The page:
Disclosure: The researchers report no relevant financial disclosures.

Due to insurance expansions of the Affordable Care Act, Americans were more likely to undertake preventive care, according to data published in Journal of Policy Analysis and Management. However, a recently released survey from NORC at the University of Chicago revealed that although essential components of the health care law are effective and popular, many Americans strongly support changes, but not an immediate repeal.

“The U.S. population receives suboptimal levels of preventive care and has a high prevalence of risky health behaviors,” Kosali Simon, PhD, of Indiana University’s School of Public and Environmental Affairs, and colleagues wrote. “One goal of the Affordable Care Act (ACA) was to increase preventive care and improve health behaviors by expanding access to health insurance.”

Simon and colleagues assessed how the ACA facilitated expansions of Medicaid impacted health behaviors using data from the CDC’s Behavioral Risk Factor Surveillance System and a difference-in-differences model that compared 30 states and the District of Columbia that either did or did not expand Medicaid benefits in 2014. They evaluated outcomes including preventive care, such as dental visits, immunizations, mammograms and cancer screenings; risky health behaviors, such as smoking, heavy drinking, lack of exercise and obesity; and self-assessed health.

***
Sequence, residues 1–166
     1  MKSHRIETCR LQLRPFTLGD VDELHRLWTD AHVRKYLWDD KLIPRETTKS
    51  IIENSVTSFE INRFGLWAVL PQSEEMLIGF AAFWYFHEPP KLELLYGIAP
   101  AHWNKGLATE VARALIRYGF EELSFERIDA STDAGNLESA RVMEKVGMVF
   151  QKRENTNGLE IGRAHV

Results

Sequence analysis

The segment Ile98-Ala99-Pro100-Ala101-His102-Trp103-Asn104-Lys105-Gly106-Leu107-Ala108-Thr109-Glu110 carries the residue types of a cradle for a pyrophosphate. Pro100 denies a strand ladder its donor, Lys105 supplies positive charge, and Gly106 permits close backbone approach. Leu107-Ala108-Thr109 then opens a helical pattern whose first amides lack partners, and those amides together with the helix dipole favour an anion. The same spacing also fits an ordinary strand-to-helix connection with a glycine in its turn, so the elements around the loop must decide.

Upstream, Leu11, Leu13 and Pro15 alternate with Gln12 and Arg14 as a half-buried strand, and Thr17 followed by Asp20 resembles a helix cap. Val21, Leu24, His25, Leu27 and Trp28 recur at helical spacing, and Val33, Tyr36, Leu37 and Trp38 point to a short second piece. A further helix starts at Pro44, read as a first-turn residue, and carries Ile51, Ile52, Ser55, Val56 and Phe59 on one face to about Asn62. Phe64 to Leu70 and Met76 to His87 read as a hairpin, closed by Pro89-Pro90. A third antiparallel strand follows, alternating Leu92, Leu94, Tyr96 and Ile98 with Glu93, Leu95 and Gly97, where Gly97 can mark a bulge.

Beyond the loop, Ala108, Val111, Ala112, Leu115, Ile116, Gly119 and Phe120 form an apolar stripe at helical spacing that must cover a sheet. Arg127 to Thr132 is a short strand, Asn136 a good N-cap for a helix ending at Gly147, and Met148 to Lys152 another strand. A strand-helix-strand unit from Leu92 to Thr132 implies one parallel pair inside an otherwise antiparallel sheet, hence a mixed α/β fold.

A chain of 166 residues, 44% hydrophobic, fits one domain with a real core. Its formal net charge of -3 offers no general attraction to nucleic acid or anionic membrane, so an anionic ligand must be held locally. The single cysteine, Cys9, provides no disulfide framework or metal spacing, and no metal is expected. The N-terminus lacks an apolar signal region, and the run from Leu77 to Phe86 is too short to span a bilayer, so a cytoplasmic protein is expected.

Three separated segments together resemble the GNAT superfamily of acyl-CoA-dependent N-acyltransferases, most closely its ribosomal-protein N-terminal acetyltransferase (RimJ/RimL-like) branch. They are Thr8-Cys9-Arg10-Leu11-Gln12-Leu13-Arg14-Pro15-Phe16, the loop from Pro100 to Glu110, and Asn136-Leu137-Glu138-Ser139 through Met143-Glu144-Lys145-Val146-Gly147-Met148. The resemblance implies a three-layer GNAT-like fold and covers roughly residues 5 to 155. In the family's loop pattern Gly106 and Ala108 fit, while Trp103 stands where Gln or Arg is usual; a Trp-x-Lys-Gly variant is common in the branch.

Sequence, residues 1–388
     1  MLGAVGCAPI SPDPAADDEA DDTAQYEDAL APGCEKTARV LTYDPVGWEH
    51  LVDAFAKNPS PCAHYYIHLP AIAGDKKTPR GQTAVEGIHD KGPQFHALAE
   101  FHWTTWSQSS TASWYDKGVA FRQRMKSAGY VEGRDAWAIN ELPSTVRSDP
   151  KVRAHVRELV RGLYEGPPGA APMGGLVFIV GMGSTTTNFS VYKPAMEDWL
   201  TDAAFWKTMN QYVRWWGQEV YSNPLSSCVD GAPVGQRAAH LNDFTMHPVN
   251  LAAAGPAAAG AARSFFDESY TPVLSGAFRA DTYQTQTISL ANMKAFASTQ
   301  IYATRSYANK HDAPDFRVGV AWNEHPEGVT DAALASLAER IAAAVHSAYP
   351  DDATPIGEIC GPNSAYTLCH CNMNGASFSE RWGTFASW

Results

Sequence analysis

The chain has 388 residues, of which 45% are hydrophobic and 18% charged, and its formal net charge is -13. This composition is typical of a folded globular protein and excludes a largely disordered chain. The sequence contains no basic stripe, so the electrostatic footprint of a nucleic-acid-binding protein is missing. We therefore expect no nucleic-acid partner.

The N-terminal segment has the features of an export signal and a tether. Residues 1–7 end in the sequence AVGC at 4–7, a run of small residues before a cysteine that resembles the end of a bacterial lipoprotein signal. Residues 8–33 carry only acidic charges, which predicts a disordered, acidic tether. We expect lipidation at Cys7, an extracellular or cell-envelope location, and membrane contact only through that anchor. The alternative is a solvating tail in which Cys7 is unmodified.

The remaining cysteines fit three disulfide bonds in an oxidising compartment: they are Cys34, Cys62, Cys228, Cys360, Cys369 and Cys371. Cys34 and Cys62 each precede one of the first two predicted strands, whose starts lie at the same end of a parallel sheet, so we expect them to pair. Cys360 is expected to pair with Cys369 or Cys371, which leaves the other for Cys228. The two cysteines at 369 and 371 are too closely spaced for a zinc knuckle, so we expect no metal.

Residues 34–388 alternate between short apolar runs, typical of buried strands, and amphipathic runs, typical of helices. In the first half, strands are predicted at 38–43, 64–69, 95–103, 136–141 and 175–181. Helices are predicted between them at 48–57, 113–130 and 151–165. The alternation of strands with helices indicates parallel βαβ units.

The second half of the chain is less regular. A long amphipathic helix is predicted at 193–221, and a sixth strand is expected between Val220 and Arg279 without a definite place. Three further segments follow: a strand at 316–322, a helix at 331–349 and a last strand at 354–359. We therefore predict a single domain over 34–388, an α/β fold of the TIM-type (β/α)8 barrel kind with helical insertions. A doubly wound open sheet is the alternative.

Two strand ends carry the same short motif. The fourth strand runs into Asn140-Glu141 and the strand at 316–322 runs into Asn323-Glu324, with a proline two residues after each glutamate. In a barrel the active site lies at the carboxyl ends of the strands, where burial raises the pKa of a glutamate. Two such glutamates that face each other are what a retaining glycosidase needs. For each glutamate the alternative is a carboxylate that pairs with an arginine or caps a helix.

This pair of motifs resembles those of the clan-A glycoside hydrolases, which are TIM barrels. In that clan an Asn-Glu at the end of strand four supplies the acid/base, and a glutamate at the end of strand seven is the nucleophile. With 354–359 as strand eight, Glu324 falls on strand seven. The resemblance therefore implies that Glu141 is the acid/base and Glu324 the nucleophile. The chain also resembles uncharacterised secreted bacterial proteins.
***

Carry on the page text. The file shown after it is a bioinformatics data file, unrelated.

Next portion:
The researchers found that due to the Medicaid expansions, low-income adults without children were 17% more likely to have health insurance; were 7% more likely to have a primary care physician; and were 11% less likely to indicate cost as a barrier to their health care. This population also showed improvements in self-assessed health and had fewer days of poor health or restricted activities. Overall, there was an increased use of preventive care, including flu vaccination, HIV testing and visiting a dentist.

“Our findings indicate that the Medicaid expansions under the ACA succeeded in some of their goals, but other goals remain hard to achieve,” Simon said in a related press release. “More people are seeing doctors and taking steps to safeguard their health. But there’s been no detectable reduction in obesity, smoking or heavy drinking, at least through our study period.”

However, there was no evidence that such risky behaviors increased.

While Simon and colleagues found the expansions of the ACA were effective in improving health behaviors of Americans, a nationwide poll of 1,036 adults conducted between Jan. 12-16, 2017 found 12% of participants want to keep the ACA in its current form and 40% support preserving the law but adding improvements. In addition, 16% support immediate repeal of the ACA, while 31% prefer not to repeal it until there is a complete replacement plan.

Although change is desired by most Americans, few reported that the ACA has negatively impacted them and almost half report not being affected at all, according to the survey. Furthermore, 27% reported that the ACA has improved their lives.

“It is clear that few Americans want to keep the law as it currently is,” Trevor Tompson, director of the Associated Press-NORC Center, said in the release. “However, there are many elements of the law that appear to be popular, and there is support for retaining those provisions in any replacement legislation that might be passed.” – by Alaina Tedesco

For more information:

www.apnorc.org/PDFs/Health%20Care%20Law/APNORC%20Americans%20Views%20on%20ACA%20Release.pdf

Disclosure: The researchers report no relevant financial disclosures.